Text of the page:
Restaurant Review: The Jagged Fork
A finer diner
Published: July 1, 2014
The Jagged Fork
18480 Mack Ave.
Grosse Pointe Farms
Brunch and lunch: $6-$13
Open 7 a.m.-3 p.m. daily
In the Pointes, the Original House of Pancakes is an institution, and the yardstick by which all other brunch is measured. Although newcomer the Jagged Fork won’t pose any serious threat to its older and larger neighbor, overheard comments at the restaurant and conversations with east-side friends indicate they’ve already won over a good many converts with their diverse menu and speedy, friendly service.
Walking into the small diner, the “mom decor” sets the tone — this is not some hipster café with brightly painted walls or mismatched chairs, but rather a good old basic family restaurant where you know without even looking at the menu that you can get a club sandwich, Greek salad, or some corned beef hash. There are two large flat-screens mounted on the walls for those who just can’t miss whatever game is on; the World Cup was playing on a recent lunch visit, but the sound was off.
Even when the restaurant is full, the Jagged Fork does a great job of seating and serving customers quickly. We were greeted and had waters brought out at lightning speed, and food orders never took more than 15 minutes. Customer service is clearly a priority; when our server noticed my friend had barely touched her decaf coffee, which she found watery, it was removed from our bill without us having to ask.
The large menu, although not breaking new ground, does branch out a little from conventional diner fare, mostly with Mexican-inspired dishes like quesadillas, house-made tamales, or “voodoo” eggs Benedict with chorizo and salsa verde. My dining companion at brunch had ordered the Florentine eggs Benedict and found them disappointing (raw spinach and a pale tomato slice); she lamented her choice even more when two gentlemen at a nearby table were raving about the voodoo version. Salsa verde, ranchero sauce, and guacamole are made in-house.
Lovers of sweet breakfasts will go into a sugar coma just deciding between dishes like the Oreo or Chunky Monkey pancakes (caramel, white chocolate, and banana), or graham cracker-crusted French toast. Not able to decide between a sweet or savory breakfast, I opted to split the difference and try their take on a Monte Cristo sandwich. The sandwich uses French toast as the bread, with good quality, thick-cut ham and gooey melted Swiss inside; the outside is drizzled with a berry sauce and powdered sugar. I ate every bite, but next time I’d get the ultra-sweet berry sauce on the side or ask to substitute jam.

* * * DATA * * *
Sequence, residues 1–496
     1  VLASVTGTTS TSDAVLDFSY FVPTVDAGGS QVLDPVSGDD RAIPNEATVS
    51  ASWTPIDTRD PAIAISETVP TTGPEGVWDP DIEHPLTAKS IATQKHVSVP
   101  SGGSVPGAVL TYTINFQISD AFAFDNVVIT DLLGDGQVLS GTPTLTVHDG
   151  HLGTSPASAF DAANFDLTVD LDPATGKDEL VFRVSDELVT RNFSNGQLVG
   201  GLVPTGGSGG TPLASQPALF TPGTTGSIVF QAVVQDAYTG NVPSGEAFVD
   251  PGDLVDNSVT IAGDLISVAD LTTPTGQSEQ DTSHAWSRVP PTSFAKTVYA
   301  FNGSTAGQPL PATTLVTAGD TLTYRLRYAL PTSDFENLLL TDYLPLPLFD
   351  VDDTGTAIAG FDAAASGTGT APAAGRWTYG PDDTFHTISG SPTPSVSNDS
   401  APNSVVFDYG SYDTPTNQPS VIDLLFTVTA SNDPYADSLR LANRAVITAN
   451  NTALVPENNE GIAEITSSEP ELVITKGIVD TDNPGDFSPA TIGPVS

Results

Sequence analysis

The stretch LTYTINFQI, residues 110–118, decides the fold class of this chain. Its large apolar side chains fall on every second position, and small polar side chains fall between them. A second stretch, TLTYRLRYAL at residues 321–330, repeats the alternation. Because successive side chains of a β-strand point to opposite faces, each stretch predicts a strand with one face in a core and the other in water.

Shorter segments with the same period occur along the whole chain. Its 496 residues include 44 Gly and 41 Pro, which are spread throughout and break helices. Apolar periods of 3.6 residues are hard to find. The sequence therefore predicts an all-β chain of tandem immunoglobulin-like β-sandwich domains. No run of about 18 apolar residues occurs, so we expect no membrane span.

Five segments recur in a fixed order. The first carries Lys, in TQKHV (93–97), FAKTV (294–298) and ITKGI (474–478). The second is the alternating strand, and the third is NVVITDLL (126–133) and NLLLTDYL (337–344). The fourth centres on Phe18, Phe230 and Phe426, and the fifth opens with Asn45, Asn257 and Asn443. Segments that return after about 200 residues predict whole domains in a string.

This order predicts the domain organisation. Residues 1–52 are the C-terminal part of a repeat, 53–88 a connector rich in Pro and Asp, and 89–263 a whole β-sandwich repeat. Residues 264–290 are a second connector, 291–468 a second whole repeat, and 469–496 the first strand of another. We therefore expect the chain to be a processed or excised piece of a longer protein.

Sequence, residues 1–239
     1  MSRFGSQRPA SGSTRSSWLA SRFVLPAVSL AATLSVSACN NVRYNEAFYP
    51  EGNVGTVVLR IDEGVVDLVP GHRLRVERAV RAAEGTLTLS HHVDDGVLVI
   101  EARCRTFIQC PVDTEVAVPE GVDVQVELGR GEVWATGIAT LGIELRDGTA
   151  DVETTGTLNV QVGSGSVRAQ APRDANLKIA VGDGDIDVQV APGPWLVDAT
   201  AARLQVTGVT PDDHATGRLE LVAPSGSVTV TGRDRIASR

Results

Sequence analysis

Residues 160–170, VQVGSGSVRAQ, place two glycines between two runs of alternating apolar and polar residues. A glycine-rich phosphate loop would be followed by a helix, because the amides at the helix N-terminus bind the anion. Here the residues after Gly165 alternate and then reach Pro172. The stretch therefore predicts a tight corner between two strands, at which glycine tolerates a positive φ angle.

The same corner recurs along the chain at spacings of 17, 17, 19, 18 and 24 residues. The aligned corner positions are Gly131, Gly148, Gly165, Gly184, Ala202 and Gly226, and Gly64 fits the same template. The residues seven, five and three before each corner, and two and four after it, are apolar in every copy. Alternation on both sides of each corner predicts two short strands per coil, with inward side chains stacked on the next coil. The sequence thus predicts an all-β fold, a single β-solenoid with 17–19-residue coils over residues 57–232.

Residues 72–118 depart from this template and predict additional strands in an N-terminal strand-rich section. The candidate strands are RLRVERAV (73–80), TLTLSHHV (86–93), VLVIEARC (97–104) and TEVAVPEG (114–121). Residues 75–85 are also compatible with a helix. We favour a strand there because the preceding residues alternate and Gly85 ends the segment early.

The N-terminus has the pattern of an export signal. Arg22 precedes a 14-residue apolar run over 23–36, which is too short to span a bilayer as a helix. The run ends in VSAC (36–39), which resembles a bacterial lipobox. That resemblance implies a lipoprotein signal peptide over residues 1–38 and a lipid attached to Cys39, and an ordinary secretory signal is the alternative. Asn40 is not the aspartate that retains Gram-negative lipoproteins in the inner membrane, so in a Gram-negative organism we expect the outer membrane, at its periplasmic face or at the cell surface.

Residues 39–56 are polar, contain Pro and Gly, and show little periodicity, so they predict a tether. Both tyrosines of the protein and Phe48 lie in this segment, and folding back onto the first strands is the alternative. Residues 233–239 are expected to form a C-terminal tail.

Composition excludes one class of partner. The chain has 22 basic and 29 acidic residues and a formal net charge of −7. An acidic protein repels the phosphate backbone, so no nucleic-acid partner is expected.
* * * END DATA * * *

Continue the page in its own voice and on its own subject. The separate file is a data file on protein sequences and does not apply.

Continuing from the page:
The omelets we sampled were fluffy, and come with the option of pancakes on the side instead of toast, a nice touch. However, small complaints included sub-par hash browns with an almost gummy texture (I’m guessing they’re frozen, not fresh) and the use of dried basil instead of fresh in the pomodoro omelet. Our overall favorite breakfast was the plate of breakfast tamales, which you can also get in a lunch version (same dish minus the eggs).
Returning for lunch, we attacked the sandwich and salad portions of the menu. The Jagged Fork does an acceptable job with old standbys like the club and the Reuben, although for $9, my Reuben could have had a little more meat on it. Note that if you want Russian dressing, you’ll have to ask; they’ll gladly give you some, but it’s not on their version of the sandwich.
All sandwiches come with a choice of fries, sweet potato fries, or fruit. If you choose fries, you can upgrade for a couple bucks and get them topped with cheddar, grilled onions, ranch dressing, or diced tomatoes. We went for the “Animal Fries” with cheddar, grilled onions, and Russian dressing. A little much for my taste, but my friend gobbled them up.
Salads are prepared with crisp romaine rather than the omnipresent “baby mixed greens,” which is fine by me, since the latter can so often contain nasty, slimy surprises. Not to mention that romaine holds up better to creamy dressings or chunks of chicken and veggies. Salads are served with the soft, pillowy style of pita bread served at National Coney Island, et al.
Prices at the Jagged Fork are on the higher side of moderate for breakfast and lunch food, especially given the ingredients and preparations. If they were using top-of-the-line meats, or making more items from scratch — or even if the menu was a bit more creative — I wouldn’t bat an eye. While none of the food was bad, per se, we found it all just average and not necessarily worthy of a drive across town. However, the service was consistently excellent, and the restaurant is clearly a welcome addition for those who live in the Pointes and want breakfast options other than OHOP.
> Email Noelle Lothamer